Actually, no. We see that the original dose he gave himself wore off. Then he adjusted the formula, and dosed himself again. He doesn’t turn back into Connors again until he’s hit with the antidote. We don’t know that the second dose has a similarly short duration. Certainly, Considering that Connors original research was to find a serum that resulted in permanent physical change, and that Parker’s transformation (from a similar formula) is also permanent, and that the Lizard clearly believes that the effects of the aerosol will be permanent, it’s a pretty safe conclusion that he’s changed the formula enough so that it doesn’t wear off anymore.
Even if the effect is temporary, you don’t see the threat in turning all of Manhattan into psychotic lizard monsters for a couple of hours? Sure, maybe the effect wears off, but how many thousands of people will be dead, and how many millions of dollars in damage will be done by the time that happens?
Plus, if Connors can set off the aerosol device once, he can set it off a second time, so there’s nothing stopping him from delivering regular booster shots to the city, if necessary.
And lastly, while the physical transformation of Connors’ initial serum is temporary, the side effect of violent psychosis appears to be permanent: Connors is still a psychopath after the first dose wears off, and doesn’t regain his sanity until he’s dosed with the antidote. So even after the lizard transformation wears off, you still have a NYC filled with murderous psychopaths.
Admittedly, that’s not much of a change.
Was that his Spidey Sense on the balcony? I thought he was reacting to the sirens.
Other than that, eh, I didn’t mind. Spiderman’s supposed to be hard to hit, but he’s not untouchable. One guy, with one gun, he can dodge easily. A street filled with police snipers, all trying to take him down while he’s desperately trying to save his girlfriend’s life? I don’t have a problem with him being overwhelmed by so many danger sources that one catches him off guard - that seems like a legitimate way to get past his defenses.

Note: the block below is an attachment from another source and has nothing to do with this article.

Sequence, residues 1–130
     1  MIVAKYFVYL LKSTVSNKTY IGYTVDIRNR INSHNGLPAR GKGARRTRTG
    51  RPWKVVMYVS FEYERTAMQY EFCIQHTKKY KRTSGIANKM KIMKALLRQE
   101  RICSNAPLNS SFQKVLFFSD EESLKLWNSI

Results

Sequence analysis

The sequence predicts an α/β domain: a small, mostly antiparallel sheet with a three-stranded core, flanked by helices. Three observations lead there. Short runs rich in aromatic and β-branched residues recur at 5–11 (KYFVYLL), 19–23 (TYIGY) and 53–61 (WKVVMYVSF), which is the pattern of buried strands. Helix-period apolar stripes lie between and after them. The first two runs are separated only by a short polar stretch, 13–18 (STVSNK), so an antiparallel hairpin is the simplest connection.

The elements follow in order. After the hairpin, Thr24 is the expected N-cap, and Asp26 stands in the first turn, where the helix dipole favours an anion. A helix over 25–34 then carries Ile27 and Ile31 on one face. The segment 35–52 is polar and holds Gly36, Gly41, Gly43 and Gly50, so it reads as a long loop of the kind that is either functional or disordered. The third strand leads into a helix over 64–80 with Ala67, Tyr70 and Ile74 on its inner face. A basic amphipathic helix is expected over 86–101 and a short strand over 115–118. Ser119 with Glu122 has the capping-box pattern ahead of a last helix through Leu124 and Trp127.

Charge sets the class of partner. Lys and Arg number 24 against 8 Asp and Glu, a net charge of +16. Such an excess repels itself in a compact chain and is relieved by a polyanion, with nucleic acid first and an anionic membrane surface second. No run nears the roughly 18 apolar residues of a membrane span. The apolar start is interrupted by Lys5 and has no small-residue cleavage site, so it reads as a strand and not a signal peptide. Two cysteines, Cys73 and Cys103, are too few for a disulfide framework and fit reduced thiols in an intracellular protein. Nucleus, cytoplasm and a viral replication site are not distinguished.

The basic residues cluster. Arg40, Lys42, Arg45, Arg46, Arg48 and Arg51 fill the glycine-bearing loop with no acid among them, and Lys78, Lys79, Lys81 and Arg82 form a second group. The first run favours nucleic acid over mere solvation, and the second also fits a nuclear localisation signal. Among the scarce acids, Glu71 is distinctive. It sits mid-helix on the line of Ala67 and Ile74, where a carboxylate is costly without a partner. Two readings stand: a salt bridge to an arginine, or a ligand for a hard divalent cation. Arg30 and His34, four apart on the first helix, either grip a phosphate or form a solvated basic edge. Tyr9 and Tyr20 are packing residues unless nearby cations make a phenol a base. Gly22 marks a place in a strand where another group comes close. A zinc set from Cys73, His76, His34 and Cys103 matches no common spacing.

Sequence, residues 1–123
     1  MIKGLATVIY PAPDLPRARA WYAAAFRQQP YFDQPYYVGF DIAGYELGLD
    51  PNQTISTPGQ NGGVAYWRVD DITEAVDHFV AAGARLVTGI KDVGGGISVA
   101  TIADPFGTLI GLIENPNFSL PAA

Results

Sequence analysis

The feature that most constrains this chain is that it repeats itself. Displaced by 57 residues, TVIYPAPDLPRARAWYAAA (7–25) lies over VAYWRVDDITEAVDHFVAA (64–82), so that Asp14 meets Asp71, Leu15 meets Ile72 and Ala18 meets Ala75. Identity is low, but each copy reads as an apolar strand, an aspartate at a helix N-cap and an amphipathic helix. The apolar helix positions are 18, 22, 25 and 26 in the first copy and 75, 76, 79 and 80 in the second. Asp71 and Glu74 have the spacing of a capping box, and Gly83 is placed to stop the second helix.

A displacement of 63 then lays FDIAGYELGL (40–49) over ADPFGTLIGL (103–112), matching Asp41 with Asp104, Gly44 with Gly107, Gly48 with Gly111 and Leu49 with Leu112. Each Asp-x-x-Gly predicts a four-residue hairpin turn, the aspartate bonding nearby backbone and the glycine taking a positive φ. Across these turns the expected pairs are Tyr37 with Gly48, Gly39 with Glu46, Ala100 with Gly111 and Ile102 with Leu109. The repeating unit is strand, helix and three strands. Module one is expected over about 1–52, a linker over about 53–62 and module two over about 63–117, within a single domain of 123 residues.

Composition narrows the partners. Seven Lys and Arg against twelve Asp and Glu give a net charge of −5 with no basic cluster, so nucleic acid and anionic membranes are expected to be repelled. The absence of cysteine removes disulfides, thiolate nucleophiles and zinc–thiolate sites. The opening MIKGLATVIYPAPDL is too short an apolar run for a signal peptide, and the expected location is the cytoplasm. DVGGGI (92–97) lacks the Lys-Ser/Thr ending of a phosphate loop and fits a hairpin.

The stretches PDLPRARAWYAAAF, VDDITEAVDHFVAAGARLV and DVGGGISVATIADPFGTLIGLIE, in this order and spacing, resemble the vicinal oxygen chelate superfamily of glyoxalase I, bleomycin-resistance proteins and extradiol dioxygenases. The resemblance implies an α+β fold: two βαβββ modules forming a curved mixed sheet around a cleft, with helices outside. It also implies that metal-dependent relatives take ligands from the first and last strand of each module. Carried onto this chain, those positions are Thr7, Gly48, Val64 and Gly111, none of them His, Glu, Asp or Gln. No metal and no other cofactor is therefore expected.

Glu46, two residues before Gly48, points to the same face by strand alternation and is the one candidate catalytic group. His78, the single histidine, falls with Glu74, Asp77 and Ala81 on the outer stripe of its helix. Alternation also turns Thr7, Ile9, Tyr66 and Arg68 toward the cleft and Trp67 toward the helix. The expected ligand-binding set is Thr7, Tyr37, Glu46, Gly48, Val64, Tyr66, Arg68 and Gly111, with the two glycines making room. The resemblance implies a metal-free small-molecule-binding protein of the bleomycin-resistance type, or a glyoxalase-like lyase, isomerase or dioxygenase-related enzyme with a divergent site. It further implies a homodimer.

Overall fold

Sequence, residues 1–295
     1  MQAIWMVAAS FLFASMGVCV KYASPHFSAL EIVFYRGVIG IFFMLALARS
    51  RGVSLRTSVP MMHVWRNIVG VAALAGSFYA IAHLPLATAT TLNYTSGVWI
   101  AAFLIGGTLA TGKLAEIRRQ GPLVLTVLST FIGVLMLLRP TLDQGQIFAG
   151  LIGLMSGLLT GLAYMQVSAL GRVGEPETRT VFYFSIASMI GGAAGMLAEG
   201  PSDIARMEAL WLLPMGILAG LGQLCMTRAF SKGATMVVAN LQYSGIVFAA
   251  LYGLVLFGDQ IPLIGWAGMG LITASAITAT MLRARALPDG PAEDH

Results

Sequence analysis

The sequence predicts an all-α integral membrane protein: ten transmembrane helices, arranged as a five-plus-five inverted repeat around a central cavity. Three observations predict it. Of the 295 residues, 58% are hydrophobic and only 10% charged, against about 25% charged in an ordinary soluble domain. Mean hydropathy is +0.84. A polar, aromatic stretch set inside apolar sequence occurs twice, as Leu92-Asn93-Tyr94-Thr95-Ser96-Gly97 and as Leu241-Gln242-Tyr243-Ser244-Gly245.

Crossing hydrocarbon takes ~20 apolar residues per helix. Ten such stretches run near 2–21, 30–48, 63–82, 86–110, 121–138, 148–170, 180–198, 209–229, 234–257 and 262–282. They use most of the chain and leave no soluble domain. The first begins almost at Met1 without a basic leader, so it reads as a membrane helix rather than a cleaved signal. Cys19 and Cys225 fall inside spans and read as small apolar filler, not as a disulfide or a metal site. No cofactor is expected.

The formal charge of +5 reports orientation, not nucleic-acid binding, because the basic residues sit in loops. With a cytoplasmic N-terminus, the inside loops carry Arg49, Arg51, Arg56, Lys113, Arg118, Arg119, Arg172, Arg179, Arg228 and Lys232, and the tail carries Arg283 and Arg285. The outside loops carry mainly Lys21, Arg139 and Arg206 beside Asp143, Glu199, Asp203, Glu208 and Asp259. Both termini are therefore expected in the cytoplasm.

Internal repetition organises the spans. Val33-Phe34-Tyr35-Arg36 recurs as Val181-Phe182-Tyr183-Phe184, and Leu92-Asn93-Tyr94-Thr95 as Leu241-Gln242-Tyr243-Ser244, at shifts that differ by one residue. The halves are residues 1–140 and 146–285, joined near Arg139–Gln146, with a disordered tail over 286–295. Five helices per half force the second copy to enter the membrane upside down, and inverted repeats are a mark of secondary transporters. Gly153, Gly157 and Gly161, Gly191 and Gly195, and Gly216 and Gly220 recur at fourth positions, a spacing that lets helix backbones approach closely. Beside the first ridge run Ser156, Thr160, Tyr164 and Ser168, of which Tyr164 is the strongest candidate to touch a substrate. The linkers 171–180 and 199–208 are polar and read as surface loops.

The only one that really bugged me was when the roof collapsed under him and dropped him into the abandoned gymnasium. No way he wouldn’t have been able to catch himself before he fell.
Fully-developed Spidey, yes. However, all through those movie, he seemed to be getting stronger and more capable with every action. This si definitely the best Superhero movie at showing a character’s growth.
Saw it. Liked the two leads as actors. But the movie itself? Horrible.
I enjoyed it - was a fun movie. I was disappointed with the casting of Emma Stone as Gwen - she doesn’t quite work for me. Boy was I wrong. She was very good in the role and just so adorable.
The two of them made this 50 year old man remember what it was like to be a bumbling nerdy teen trying to figure out romance.
It was a fun movie, the effects were great and the acting was very fine.